Wednesday, May 7th, 2014
American mothers are more likely to die during childbirth than they were twenty years ago, data released by the World Health Organization shows–but globally, maternal death rates have fallen by almost half in the same period of time. Reuters has more:
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The WHO tracks maternal mortality as one of the “Millennium Development Goals” that the United Nations set for 2015. Death rates have fallen by 45 percent globally since 1990, to an estimated 289,000 women in 2013.
Giving birth in the United States remains far safer than in most countries, with only 28 maternal deaths per 100,000 live births in 2013. But that is 136 percent higher than the 1990 mortality rate, when only 12 mothers died for every 100,000 births, the data showed.
No other country recorded such a large percentage increase, although a few other rich countries also failed to keep maternal mortality in check. In Canada, deaths rose from 6 to 11 per 100,000 births between 1990 and 2013. Many European countries and Japan have mortality rates in single figures.
China has cut its rate by two-thirds since 1990, with 32 women dying for every 100,000 live births in 2013.
WHO experts said the increase in the U.S. mortality rate may be a statistical blip. Or it might be due to increased risks from obesity, diabetes and older women giving birth.
Marleen Temmerman, the director of reproductive health and research at WHO, said more analysis was needed.
Wednesday, July 11th, 2012
A new study by researchers at Johns Hopkins University has found that worldwide maternal deaths could drop by at least a third if steps were taken to meet the contraception needs of women in developing countries. From The New York Times:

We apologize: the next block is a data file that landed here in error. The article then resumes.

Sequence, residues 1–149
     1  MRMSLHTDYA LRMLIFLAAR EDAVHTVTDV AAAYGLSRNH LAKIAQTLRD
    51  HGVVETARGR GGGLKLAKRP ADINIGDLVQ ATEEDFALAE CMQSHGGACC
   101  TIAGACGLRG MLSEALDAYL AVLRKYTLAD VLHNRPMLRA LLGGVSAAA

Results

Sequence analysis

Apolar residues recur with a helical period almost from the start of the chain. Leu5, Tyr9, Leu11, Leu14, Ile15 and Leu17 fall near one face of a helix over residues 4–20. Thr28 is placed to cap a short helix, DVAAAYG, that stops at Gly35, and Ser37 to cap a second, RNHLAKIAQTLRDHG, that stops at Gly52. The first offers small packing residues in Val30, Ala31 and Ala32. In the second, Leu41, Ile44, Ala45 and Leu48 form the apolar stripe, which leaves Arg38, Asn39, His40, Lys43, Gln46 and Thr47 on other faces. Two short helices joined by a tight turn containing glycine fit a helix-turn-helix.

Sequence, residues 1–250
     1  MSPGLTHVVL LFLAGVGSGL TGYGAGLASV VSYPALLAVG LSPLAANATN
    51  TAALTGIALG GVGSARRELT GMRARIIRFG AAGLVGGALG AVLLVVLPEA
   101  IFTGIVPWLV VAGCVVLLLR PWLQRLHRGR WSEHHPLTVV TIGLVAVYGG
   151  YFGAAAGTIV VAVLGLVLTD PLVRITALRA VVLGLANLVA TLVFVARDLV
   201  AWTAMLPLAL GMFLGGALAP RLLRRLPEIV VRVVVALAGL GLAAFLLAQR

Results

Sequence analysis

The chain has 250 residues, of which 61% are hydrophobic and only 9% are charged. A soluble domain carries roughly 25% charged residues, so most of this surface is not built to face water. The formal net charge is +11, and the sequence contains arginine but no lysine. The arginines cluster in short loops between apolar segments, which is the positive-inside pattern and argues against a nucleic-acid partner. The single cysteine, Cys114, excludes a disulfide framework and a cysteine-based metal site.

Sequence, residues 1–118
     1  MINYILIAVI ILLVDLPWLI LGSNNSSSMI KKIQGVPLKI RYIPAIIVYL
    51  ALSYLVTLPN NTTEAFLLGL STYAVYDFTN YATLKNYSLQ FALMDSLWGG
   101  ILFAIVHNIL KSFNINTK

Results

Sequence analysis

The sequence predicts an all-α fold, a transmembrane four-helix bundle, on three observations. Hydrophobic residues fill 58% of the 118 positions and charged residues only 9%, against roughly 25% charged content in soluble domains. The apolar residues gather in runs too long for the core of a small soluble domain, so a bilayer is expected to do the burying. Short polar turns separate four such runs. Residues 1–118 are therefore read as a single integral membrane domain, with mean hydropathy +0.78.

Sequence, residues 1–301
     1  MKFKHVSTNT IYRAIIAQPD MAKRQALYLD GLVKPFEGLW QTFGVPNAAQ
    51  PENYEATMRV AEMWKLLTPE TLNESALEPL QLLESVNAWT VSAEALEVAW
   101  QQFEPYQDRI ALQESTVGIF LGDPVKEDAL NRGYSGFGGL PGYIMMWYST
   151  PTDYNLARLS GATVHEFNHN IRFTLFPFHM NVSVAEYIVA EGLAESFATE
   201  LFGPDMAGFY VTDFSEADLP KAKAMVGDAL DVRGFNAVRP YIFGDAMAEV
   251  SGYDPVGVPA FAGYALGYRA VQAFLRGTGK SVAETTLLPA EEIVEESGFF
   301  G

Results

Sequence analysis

The study, published on Tuesday in The Lancet, a British science journal, comes ahead of a major family planning conference in London organized by the British government and the Bill and Melinda Gates Foundation that is an attempt to refocus attention on the issue. It has faded from the international agenda in recent years, overshadowed by efforts to combat AIDS and other infectious diseases, as well as by ideological battles.
The proportion of international population assistance funds that went to family planning fell to just 6 percent in 2008, down from 55 percent in 1995, while spending on H.I.V./AIDS represented 74 percent of the total in 2008, up from just 9 percent in 1995, according to Rachel Nugent, a professor of global health at the University of Washington, who cited figures from the United Nations Population Fund.
But population growth has continued to surge, with the United Nations estimating last year that the world’s population, long expected to stabilize, will instead keep growing. Population experts warn that developing countries, particularly those in sub-Saharan Africa, where fertility continues to be high and shortages of food and water are worsening, will face deteriorating conditions if family sizes do not shrink.
Image: Young girl, via Shutterstock.
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Friday, May 18th, 2012
The number of mothers worldwide who die during pregnancy or childbirth has plunged over the past two decades, a new report released by a consortium of United Nations agencies has found. The New York Times reports:
Maternal deaths fell to about 287,000 in 2010, the report said. The decline is attributable to increases in contraception and in antiretroviral drugs for mothers with AIDS, and to greater numbers of births attended by nurses, doctors or midwives with medical training.
The agencies said the deaths had fallen by 47 percent from the United Nations’ 1990 estimate of 543,000, but the organization has been revising its historical estimates in response to skeptical research by a rival group of epidemiologists at the University of Washington.
Image: African mother, via Shutterstock.
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